• The other notable senior is 2 guard Duane Notice. The native Canadian had a huge sophomore year, averaging 11.8 points, 2.7 assists and shooting 36% from range. Unfortunately, he was never able to truly build from that and he’s seen those numbers regress every year. He leads in the team in 3Ps and 3PAs, though he’s not the best at hitting them. He only shoots 33.9% from beyond the arc but has the ability to go off on any given night. He has gone for 27 points with 6 three pointers in two separate games, once against FIU and once against Auburn. But he has also been held to a goose egg in some games, including their last game out against Alabama. His last 9 games have been rough from beyond the arc, going 13/45 (28.8%).
• PJ Dozier might have been the highest rated recruit in Gamecock basketball history. Certainly, the most highly rated of the modern era. The former 5 star didn’t make the impression many thought he would as a freshman, but he has made himself into a solid contributor as a sophomore. He is second on the team in points per game, though it takes him a lot of attempts to get there. His defense is what makes him valuable. His long and lean 6’6″ frame allows him to guard any position on the floor. His 1.7 steals per game is behind only SEC leading thief Sindarius Thornwell.
• Two young giants man the post for Frank Martin. Chris Silva was almost a Seton Hall Pirate before picking the Gamecocks. Silva’s game will remind Marquette fans of Seton Hall. He is an aggressive banger who lives on the boards and gets a lot of second chance points. Malik Kotsar is a true freshman who was rated a lot lower than fellow freshmen bigs Sedee Keita and Khadem Gueye. He is defensively sound and does a good job on the glass. He will never wow you with his scoring. Both Silva and Kotsar don’t have much use offensively more than 5 feet from the basket. They also both struggle with fouls, Silva specifically. Silva has picked up 4 or more fouls in 19 of his last 25 games and 23 out of 32 games overall. South Carolina will have no scoring from the post if Silva gets into early foul trouble.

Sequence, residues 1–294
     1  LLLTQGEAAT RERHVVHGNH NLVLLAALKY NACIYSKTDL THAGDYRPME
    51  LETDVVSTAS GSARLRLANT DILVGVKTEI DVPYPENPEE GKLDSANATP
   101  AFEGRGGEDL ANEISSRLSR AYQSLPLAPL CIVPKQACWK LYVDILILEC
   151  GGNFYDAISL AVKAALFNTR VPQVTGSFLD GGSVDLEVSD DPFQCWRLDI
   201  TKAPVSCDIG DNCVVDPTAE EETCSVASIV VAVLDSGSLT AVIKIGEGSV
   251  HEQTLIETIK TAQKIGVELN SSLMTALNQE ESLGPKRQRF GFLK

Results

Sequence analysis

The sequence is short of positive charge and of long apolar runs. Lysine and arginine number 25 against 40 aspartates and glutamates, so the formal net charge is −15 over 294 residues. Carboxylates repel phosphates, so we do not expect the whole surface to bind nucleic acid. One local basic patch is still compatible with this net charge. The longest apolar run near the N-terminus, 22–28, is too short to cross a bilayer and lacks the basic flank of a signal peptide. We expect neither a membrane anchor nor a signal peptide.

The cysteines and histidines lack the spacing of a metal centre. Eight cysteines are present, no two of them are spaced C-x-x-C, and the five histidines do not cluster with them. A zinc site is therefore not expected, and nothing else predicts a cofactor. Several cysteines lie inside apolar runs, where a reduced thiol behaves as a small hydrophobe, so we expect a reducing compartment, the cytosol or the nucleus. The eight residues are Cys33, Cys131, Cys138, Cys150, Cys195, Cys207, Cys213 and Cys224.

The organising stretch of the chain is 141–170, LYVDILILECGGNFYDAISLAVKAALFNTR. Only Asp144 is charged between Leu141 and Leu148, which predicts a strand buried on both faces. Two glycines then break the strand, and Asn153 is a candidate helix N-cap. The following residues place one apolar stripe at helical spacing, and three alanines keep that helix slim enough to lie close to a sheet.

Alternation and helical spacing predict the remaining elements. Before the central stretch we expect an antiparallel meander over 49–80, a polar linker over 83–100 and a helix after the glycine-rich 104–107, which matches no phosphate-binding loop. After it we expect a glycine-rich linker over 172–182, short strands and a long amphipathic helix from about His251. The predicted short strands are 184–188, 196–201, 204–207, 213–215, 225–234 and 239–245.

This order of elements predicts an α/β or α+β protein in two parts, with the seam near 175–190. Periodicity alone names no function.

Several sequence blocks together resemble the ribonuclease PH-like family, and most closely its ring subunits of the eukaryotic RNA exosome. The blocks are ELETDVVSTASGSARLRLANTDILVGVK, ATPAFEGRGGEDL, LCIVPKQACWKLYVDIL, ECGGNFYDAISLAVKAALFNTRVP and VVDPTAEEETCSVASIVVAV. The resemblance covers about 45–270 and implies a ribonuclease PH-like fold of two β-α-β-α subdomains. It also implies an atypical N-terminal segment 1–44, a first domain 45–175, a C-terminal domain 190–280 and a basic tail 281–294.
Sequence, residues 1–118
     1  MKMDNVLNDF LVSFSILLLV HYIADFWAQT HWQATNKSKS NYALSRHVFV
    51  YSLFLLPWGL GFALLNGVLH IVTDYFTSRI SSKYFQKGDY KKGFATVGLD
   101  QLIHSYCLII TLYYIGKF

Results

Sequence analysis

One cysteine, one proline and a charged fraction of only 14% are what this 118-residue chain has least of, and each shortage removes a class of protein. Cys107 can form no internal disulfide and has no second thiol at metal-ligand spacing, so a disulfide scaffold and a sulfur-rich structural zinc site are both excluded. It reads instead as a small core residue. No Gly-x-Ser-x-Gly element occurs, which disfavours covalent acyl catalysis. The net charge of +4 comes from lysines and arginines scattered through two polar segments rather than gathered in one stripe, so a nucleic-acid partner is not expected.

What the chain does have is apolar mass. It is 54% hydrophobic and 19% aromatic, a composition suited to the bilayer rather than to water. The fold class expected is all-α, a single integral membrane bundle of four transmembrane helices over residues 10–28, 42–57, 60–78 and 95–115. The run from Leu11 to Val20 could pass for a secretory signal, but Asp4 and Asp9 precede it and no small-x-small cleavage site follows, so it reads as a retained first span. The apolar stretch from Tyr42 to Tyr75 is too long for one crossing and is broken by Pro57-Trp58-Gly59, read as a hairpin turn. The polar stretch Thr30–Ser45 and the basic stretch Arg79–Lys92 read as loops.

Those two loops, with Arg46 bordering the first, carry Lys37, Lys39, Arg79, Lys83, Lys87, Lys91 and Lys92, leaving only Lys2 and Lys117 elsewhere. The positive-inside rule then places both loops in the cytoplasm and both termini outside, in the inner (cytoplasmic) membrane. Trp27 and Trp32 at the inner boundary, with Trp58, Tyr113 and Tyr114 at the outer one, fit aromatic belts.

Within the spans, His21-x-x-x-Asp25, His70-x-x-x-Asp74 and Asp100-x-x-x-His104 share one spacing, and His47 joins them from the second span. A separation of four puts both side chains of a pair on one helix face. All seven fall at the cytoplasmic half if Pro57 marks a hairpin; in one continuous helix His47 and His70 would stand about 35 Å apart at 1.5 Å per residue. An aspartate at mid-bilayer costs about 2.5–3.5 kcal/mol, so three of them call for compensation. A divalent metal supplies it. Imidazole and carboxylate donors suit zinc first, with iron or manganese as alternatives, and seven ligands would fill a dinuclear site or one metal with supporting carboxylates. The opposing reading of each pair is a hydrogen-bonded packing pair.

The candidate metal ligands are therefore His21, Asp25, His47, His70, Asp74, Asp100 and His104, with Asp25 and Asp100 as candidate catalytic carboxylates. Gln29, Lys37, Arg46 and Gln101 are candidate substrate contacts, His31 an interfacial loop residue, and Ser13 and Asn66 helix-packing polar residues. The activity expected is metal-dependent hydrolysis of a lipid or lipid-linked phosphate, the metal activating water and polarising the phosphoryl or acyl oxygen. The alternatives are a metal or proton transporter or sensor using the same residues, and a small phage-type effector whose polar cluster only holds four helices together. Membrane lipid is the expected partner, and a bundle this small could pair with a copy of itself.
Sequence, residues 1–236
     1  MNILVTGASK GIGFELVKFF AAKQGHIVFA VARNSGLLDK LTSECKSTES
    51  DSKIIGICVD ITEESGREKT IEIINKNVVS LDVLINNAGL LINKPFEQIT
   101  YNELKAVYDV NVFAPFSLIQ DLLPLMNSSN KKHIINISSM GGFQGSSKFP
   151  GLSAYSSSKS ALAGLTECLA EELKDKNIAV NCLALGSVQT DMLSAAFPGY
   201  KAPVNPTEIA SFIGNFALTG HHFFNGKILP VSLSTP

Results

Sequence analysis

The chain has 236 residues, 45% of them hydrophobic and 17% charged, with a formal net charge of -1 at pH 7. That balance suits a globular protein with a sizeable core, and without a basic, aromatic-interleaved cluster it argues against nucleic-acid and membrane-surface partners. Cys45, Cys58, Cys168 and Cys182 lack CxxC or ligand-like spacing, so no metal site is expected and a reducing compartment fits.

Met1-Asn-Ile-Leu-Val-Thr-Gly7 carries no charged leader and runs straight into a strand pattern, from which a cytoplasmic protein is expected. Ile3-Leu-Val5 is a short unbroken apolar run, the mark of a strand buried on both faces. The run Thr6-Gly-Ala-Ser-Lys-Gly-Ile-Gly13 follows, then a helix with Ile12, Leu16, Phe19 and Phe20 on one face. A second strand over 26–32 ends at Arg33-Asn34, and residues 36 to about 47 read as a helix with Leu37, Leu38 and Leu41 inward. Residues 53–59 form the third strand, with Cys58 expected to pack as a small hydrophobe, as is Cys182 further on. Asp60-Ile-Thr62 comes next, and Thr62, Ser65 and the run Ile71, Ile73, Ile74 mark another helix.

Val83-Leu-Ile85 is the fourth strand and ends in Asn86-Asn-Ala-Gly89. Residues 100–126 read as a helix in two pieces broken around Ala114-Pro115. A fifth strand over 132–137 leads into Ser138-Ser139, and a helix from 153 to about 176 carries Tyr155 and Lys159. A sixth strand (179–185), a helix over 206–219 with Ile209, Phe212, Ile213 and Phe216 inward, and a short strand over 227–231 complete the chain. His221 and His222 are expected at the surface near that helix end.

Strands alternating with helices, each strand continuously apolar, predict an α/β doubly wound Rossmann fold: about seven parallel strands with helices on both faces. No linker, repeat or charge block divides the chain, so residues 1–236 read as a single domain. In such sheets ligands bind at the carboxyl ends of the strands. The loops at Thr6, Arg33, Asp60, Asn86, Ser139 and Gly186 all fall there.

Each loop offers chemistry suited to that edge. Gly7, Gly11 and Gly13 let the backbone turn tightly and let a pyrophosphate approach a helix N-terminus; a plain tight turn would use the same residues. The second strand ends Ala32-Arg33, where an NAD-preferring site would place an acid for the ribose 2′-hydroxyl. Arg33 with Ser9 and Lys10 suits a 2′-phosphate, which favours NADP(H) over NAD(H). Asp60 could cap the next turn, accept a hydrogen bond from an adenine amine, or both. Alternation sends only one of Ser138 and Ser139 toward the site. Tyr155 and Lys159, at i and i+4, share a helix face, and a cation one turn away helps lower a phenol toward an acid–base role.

This game will be decided by the team that can exert its will over the other one. Will Marquette’s unstoppable offense carry the day or will South Carolina’s immovable defense stand firm? The amount of points scored will go a long way towards predicting which team is the victor. If the high scorer has a point total in the 50s or 60s, the Gamecocks likely won. If the game gets into the 70s, it likely means that Marquette is running away with it. Key for Marquette will be building an early lead. South Carolina can certainly play from behind but even an 8 point deficit could take them a quarter of the game to catch up to because of how inefficient their offense is. They have only eclipsed 1.0 point per possession three times in the last 9 games, meaning that even if they stop a Marquette run, it could take ages to catch up. Fouls will have an abnormally high effect on the outcome of this game. South Carolina loves to get to the line but they also put opponents on the line at a very high rate. Given Marquette’s great depth and shooting ability, a tightly called game will benefit Marquette. Silva is arguably the Gamecocks 2nd best offensive option, early foul trouble for him could spell disaster for Frank Martin’s squad. Katin Reinhardt might be key here. A few rotations to make sure Silva is guarding Reinhardt and he can use his superior speed to get Silva in a position where he needs to foul. On defense, Marquette will need to find a way to contain Thornwell. He’s the only one that can truly create his own shoot and he carries the South Carolina offense. If Cheatham could break out of his offensive slump, this would be the ideal game to do it. His ability to defend without fouling could go a long way towards slowing down Thornwell. Duane Wilson could also be an option on Thornwell but he is foul prone and Thornwell loves to get to the line more than anything else. When a shot goes up, it is likely going to miss, keeping Silva and Kotsar off the offensive glass and limiting them to 1 possession per trip will be key. South Carolina will introduce doses of heavy pressure throughout the game. Marquette does a poor job breaking presses but they don’t turn it over against them that often. Reinhardt again might be the answer as his ability to handle the ball with size has saved Marquette more than once under pressure. To no one’s surprise, Thornwell is the focal point to South Carolina’s defense as well as it’s offense. Andrei from Paint Touches did a fantastic job breaking down why that is in one of his patented twitter storms:
Expect whoever Thornwell is guarding to get a lot of screens and be moving constantly in an effort to wear the superstar down. Even if the shots aren’t there in the first half, they will be there in the second as the defense starts to wear down.
South Carolina 69